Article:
Let’s talk about Macronutrients:


Protein is a crucial macronutrient for the human body. Proteins serve as a building block of the body tissues & organs.

As fuel, proteins provide same energy as carbohydrates: 4 kcal per gram.

Amino acids are the elementary blocks of protein. Our bodies can produce some amino acids which are called non-essential amino acids, but not others, so those essential amino acids have to come from the food you eat.

There are two types of protein:

Animal protein : Animal proteins are complete sources of protein which means they contain all the essential amino acids. Examples are chicken, eggs and milk.

Plant protein : Plant proteins are often, but not always, incomplete sources of protein as they do not contain all the essential amino acids. Examples are soy, lentils and quinoa.


Carbohydrates act as the primary fuel source for our body as well as our brain.

Carbs are broken down by the body into glucose which is the primary fuel that circulates in our blood at all times. It’s also the principle fuel for the brain.

As fuel they provide the same as energy as protein, i.e. 4 kcal per gram.

There are 3 types of Carbohydrates:

Sugars : They are also called simple carbohydrates because they are in the most basic form. Naturally occurring sugars are found in fruits, vegetables and milk. It is also artificially added to prepare candies, desserts and soft drinks. If you are looking for an instant source of energy then sugars can be a good option. However, consuming too much of them can lead you to cravings and overeating.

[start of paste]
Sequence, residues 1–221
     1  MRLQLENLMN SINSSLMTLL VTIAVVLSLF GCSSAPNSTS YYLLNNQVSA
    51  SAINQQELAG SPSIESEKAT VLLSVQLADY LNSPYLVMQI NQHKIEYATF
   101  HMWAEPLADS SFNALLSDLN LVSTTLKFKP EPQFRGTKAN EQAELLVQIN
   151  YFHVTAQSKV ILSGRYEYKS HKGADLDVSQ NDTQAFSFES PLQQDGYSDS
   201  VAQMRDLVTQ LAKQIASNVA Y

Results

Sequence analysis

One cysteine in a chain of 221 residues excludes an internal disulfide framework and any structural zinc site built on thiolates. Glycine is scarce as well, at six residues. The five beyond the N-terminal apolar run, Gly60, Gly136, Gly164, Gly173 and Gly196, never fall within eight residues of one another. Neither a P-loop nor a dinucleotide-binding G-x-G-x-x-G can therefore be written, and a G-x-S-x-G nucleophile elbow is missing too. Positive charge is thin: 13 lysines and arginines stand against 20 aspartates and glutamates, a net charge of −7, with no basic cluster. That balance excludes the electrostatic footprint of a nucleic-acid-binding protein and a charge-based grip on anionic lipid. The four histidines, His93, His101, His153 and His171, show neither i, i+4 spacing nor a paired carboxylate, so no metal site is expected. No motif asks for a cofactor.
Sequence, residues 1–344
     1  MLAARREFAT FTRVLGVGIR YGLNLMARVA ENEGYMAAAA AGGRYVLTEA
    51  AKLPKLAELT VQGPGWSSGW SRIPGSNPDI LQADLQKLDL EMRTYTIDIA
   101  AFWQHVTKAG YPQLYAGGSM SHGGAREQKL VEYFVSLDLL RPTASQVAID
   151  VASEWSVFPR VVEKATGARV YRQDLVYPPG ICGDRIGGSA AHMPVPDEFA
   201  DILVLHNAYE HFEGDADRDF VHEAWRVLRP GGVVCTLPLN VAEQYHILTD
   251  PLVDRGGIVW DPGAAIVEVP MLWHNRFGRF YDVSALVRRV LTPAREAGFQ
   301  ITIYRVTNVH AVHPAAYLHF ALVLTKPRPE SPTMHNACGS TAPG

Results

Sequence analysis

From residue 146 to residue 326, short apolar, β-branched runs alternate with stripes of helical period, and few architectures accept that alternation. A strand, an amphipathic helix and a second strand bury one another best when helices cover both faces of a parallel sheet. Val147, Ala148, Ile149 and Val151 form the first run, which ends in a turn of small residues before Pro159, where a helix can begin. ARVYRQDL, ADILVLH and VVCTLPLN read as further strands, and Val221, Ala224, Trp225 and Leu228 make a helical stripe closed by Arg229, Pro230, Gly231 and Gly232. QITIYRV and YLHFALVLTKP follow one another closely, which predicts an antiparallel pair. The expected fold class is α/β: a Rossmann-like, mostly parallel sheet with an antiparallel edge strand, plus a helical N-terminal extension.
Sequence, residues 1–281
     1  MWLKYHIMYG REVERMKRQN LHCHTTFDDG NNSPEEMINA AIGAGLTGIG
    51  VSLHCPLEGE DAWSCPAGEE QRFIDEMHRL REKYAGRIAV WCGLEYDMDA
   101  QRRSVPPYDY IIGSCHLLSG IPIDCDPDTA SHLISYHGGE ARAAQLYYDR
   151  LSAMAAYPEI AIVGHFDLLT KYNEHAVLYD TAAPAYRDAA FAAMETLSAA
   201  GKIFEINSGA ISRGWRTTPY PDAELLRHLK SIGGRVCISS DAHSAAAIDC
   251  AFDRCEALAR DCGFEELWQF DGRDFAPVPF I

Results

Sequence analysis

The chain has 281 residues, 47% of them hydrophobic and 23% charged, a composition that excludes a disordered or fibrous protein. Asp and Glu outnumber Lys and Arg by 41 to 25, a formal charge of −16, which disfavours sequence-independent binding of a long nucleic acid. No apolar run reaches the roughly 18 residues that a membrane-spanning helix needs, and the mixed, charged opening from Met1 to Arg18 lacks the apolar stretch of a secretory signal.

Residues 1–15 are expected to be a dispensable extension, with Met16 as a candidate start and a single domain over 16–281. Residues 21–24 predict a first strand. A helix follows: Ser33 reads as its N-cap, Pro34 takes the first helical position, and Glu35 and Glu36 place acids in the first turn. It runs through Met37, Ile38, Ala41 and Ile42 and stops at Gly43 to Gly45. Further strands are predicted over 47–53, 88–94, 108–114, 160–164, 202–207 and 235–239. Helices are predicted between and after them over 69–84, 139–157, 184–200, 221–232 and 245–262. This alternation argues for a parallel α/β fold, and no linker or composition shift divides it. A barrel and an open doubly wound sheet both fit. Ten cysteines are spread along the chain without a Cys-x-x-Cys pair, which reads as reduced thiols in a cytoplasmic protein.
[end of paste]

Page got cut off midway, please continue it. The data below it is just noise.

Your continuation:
Starches : These are also known as complex carbohydrates because they are made up of lots of simple sugars strung together. Your digestive system takes time to break starches down into sugars before they can be used for energy. Starches include bread, rice and pasta. They also include certain vegetables like potatoes, peas, and corn. In general, majority of your carb intake should be coming from starches which help you achieve sustained energy levels,

Dietary Fiber : It is also a complex carbohydrate. Your body cannot break down most fibers, so eating foods with fiber can help you feel full which in turn makes you less likely to overeat. Diets high in fiber have other health benefits too such as preventing constipation and lowering blood sugar levels. Soluble fiber dissolves into water in our body, whereas insoluble cannot dissolve and thus is excreted out in the form it is consumed. Fiber is found in mainly foods that come from plants, including fruits, vegetables and whole grains.


Fats : Fats are also called ‘fatty acids’ or ‘lipids’. Fat acts as an energy reservoir for your body, along with performing other vital functions such as protecting your organs, supporting cell growth and helps your body absorb vital nutrients.

As fuel, fats provide more than double the energy of what the other two macros provide, i.e. 9 kcal per gram.

Saturated Fat : Need to be consumed in moderation, it is found in lamb, butter and cheese.

Trans Fat : Trans fat will raise your cholesterol, so consume as little trans fat as possible. It is found mostly in processed & fried foods such as doughnuts and chips.

Unsaturated Fat : Majority of your fat intake should come from this kind of fat in order to keep your health in check. It is further divided into types, i.e. monounsaturated which is found in nuts & avocados, and polyunsaturated fat found in salmon & walnuts.

Alcohol is technically a fourth macronutrient and contains 7 kcal per gram, but because it isn’t essential for survival it’s not usually mentioned with the other macros : protein, fat, and carbs.

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